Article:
The Climate change Conference of Parties, COP 19, is taking place in Warsaw from 11 to 22 November. Following the lack of agreement in Copenhagen in 2009, States agreed 2 years ago in Durban to work towards a new international climate action agreement by 2015 that would be applicable to all countries. Warsaw is only one step in this process to find a long-term approach and a durable international agreement for tackling climate change are needed.
In the framework of this process leading to COP 21 in Paris, 5 key global issues can be identified:
1) Architecture and Process for an International Climate Agreement: A new approach to the negotiations is emerging, aimed at creating an international process, based on “national offers” . Final “offers” from this process would be underpinned by an agreement with binding, international rules on issues like transparency.
2) Equity: the distinction set-up by previous climate agreements between developed and developing countries can no longer be maintain given that some of them have become the biggest CO2 emitters of the planet. As a result, addressing equity will be key in identifying which countries should be responsible for taking what types of action.
3) Finance: Financing climate actions remains a key issue. States will have to move forward their commitment to mobilise $100 billion annually by 2020, the Green Climate Fund (GCF) pledging process and discuss of the overall balance of funding for adaptation and mitigation, which is currently weighted heavily towards mitigation.
4) Loss and Damage: A new issue has progressively emerged in the negotiation since last year in Doha looking at how to address the needs of communities who will be harmed by climate impacts that are difficult or impossible to adapt to. Discussions at Warsaw will revolve around creating strategies to address the harm caused by long-term climate impacts.
5) Measurement, Reporting and Verification (MRV) and Accountability: Warsaw could reach an agreement on the verification pillar of MRV (measurement, reporting and verification) for developing countries, which involves assessments of developing countries’ biennial reports on their mitigation actions and financial support received.
Information and analysis extracted from: 5 Issues to Watch at COP 19, the “Construction COP published by the World Resource Institute.
Local governments in Warsaw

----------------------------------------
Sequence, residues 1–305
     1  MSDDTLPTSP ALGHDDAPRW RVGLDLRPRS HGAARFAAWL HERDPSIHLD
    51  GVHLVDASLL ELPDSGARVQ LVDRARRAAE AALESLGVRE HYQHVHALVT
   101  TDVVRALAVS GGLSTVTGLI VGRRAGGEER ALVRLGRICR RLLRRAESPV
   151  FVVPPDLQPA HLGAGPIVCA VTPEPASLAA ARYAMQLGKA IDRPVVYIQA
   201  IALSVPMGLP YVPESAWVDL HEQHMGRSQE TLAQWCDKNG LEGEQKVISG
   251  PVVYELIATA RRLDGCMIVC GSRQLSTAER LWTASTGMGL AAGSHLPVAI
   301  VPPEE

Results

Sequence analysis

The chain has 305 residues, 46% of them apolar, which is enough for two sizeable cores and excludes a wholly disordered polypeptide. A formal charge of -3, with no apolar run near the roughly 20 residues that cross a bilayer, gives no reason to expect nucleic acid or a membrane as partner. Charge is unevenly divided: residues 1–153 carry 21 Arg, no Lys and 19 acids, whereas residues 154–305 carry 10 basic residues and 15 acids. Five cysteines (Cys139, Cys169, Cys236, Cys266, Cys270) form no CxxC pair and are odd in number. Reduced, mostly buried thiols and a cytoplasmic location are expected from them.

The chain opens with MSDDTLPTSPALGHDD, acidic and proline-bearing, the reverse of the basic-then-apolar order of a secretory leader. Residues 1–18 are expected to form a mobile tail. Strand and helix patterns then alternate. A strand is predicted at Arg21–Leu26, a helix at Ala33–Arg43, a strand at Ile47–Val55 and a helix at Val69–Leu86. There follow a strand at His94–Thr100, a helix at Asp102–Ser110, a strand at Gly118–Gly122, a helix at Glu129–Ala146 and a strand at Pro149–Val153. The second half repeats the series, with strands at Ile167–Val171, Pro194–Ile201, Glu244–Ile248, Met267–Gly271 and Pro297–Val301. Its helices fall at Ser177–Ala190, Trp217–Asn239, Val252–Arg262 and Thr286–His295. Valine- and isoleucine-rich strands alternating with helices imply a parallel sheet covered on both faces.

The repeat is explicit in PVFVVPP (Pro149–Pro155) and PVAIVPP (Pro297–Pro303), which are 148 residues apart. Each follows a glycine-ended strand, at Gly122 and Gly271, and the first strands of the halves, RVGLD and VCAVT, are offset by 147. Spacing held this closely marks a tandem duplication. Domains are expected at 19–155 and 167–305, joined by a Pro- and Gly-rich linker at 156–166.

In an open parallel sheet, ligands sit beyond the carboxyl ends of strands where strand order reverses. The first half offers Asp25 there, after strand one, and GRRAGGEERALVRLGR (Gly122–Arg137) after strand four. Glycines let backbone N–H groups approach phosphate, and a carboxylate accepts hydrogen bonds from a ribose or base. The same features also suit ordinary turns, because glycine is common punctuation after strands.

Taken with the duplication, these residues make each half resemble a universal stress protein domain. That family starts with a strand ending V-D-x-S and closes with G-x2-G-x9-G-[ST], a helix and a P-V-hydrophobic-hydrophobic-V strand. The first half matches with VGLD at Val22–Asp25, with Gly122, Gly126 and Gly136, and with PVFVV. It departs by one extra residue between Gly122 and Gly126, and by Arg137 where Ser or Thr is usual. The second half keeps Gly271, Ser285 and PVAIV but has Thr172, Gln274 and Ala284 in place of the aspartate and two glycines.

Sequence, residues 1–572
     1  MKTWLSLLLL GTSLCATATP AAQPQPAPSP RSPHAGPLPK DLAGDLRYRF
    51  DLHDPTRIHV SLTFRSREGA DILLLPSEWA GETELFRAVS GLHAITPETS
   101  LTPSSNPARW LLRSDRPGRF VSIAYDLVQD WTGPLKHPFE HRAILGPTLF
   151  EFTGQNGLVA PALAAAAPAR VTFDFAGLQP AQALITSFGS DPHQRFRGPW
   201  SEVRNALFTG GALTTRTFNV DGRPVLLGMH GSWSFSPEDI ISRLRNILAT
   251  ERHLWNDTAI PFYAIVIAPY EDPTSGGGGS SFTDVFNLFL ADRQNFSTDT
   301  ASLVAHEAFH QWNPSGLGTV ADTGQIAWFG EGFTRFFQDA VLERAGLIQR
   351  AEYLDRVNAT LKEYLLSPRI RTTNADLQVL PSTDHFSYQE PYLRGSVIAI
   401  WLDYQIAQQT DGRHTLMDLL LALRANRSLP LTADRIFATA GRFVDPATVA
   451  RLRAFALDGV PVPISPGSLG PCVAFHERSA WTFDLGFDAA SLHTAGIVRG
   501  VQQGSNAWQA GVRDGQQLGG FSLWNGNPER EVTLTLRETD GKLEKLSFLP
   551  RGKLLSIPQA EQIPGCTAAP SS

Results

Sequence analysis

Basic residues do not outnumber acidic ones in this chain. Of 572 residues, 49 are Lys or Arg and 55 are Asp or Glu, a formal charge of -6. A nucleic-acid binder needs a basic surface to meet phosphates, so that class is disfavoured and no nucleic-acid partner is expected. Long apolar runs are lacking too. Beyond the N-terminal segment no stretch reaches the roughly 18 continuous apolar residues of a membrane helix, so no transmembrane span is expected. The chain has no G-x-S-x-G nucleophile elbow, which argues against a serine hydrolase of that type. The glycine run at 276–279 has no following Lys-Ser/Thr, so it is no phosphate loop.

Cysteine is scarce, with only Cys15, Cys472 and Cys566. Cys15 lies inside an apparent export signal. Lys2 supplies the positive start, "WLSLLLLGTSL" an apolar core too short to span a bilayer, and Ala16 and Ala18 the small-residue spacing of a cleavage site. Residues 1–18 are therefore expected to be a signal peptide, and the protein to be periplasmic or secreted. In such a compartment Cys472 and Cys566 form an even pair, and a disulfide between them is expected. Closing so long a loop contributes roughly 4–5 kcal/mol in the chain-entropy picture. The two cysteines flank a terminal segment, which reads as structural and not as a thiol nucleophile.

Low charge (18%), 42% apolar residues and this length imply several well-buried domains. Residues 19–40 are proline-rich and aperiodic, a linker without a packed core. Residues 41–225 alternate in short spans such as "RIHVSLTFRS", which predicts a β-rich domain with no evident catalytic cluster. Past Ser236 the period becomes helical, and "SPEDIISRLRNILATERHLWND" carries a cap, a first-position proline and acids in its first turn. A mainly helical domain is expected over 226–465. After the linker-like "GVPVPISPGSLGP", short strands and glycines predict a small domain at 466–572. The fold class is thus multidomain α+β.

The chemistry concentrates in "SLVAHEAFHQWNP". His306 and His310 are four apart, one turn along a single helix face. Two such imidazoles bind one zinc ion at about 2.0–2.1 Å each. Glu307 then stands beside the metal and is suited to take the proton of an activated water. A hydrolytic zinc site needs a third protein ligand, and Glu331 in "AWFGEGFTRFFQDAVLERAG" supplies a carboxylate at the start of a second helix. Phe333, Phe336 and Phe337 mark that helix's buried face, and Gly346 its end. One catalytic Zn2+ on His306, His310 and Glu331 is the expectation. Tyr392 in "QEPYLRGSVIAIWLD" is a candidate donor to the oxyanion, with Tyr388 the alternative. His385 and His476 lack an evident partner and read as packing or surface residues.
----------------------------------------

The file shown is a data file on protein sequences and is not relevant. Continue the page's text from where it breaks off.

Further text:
UCLG, ICLEI and nrg4SD members are gathered under the “Local Government Climate Roadmap”, adopted in 2007 to ensure recognition, engagement and empowerment of local and regional governments in the new global climate regime, and engaged in a new activity phase toward Paris in 2015. Its messages can be found in Nantes Declaration of Mayors and Subnational Leaders on Climate Change, adopted in September 2013 and further presented to the Global Taskforce meeting in Rabat on 1st October (Please find attached).
The constituency is working in Warsaw to secure a greater collaboration with States, and a financial framework to fund local climate action: a “Friends of Cities” Group among national governments at the UNFCCC was established to this end.
The constituency will also participate to the special event “Cities Day”, a new and encouraging initiative from the host country who is conveying states and local authorities for a half day dialogue on the second week of the negotiations to discuss the local and subnational governments engagement in the climate change agenda and action plan.
The COP in Warsaw is seen as a step towards a new agreement in 2015 in Paris COP 21. Local authorities are ready and looking for a greater role in those agreements.
Check the "Local governments in the run-up to Paris Climate 2015 : from local stakeholders to global facilitators" written by Ronan Dantec, councilor of Nantes, French Senator and UCLG spokesperson on climate and Michel Delbarre, French Senator Mayor of Dunkerque and President of Cités Unies France.
The Local governments’ delegation will provide updates from Warsaw in the upcoming days.